|The Frankfurt-Tipp rating:|
|Original title:||Inside Llewyn Davis|
|Genre:||Drama, Tragicomedy, Music film|
|Direction:||Joel & Ethan Coen|
|Production country:||USA 2013|
|Running time:||Approx. 105 min.|
|Rated:||From 6 years|
New York in the winter of 1961: Llewyn Davis dreams of making a career as a musician. As part of a duo, he's been close to the big time. But after his singing partner commits suicide, Llewyn's career doesn't quite work out. His solo album lies like lead on the shelves and his money is neither enough for his own apartment nor for a decent winter coat. And so he has no other choice but to scrounge from his acquaintances and colleagues and to organize a warm place for the next night. In the process, he realizes again and again that his eccentric and yet rather self-absorbed behavior has ensured that he has no real friends. Even the good-hearted musicians Jim (Justin Timberlake) and Jean (Carey Mulligan), with whom Llewyn is staying from time to time, are getting fed up with the good-for-nothing. But a new opportunity opens up for the passionate folk singer to make it big after all. And so he embarks on a journey to Chicago that could change everything.
Inside Llewyn Davis is the latest prank by the Coen brothers Joel and Ethan. That the two are two brilliant minds is probably beyond question. They are masters at crafting dialogue with enigmatic wit and telling their stories in a way that works on multiple levels. In many ways, Inside Llewyn Davis is also really a typical Coen film. A great cast, some really well-crafted dialogue, engaging imagery and - if you have a soft spot for folk music - a top-notch soundtrack all speak to the fact that the Coens have managed to create yet another masterpiece. But there are a few aspects to the film that permanently spoil this impression.
One of these aspects is the fact that the story is told in a rather episodic fashion, with only a rudimentary story arc to hold these individual snapshots together. It's true that the ending makes it clear what the filmmakers' intentions are with this construction of their story. Nevertheless, there is also the impression that there isn't really any development, neither in the events nor in the acting characters. And that leads to the second problem of the movie: the main character is an unsympathetic egoist, who can only show something like feelings in his songs, but who always acts like a self-absorbed creep towards his fellow men. Even though Jean is always throwing this at him in very clear words, and even though he has to realize several times during the movie that he is standing in his own way with his way, he doesn't show any kind of development at all. And that is just not exciting for the viewer to watch.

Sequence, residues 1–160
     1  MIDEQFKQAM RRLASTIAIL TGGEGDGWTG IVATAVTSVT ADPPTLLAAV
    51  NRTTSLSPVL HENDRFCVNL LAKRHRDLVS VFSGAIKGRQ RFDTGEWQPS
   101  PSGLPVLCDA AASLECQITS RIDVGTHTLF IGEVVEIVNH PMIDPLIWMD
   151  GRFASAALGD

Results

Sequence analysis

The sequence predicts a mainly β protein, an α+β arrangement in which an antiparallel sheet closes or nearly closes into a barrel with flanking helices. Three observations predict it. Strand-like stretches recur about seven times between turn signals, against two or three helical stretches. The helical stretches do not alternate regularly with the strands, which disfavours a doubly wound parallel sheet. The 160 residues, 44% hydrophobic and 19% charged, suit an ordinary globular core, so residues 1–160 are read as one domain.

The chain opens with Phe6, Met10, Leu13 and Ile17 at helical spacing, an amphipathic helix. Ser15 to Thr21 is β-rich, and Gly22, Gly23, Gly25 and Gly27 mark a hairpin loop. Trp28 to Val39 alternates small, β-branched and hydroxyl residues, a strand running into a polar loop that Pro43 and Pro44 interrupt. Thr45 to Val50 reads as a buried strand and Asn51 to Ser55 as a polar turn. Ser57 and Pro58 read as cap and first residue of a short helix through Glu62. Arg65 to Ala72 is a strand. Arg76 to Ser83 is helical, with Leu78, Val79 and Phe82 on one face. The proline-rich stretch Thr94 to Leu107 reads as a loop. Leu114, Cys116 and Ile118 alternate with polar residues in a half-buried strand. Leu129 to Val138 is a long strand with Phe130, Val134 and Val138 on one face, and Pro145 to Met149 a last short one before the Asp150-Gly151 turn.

It may well be that the film has a level that reveals a truly stirring genius, which then justifies the many downright adoring reviews and the now already numerous awards and nominations. But while this cinematic love letter to the folk music scene at a time just before it was revolutionized by Bob Dylan is first-rate cinema in terms of acting, at first glance the film is at least one thing: a rather dull portrait of a man who is merely the walking cliché of a broken artist's soul, and who is thus nowhere near as interesting as the film would have us believe.
Whoever thinks A Serious Man by the Coen brothers is a masterpiece will surely be able to say the same about Inside Llewyn Davis. But if you need more for good cinema entertainment than a maybe ingenious, but well hidden subtext and some really great snapshots, you will rather experience beautifully filmed boredom here, which in the end only leaves you wondering why you should invest your time and money to dive into the twisted mind of an unsympathetic character like Llewyn Davis. For this, despite the Coen bonus, there is then only one: conditionally worth seeing!
An article by Frankfurt-Tipp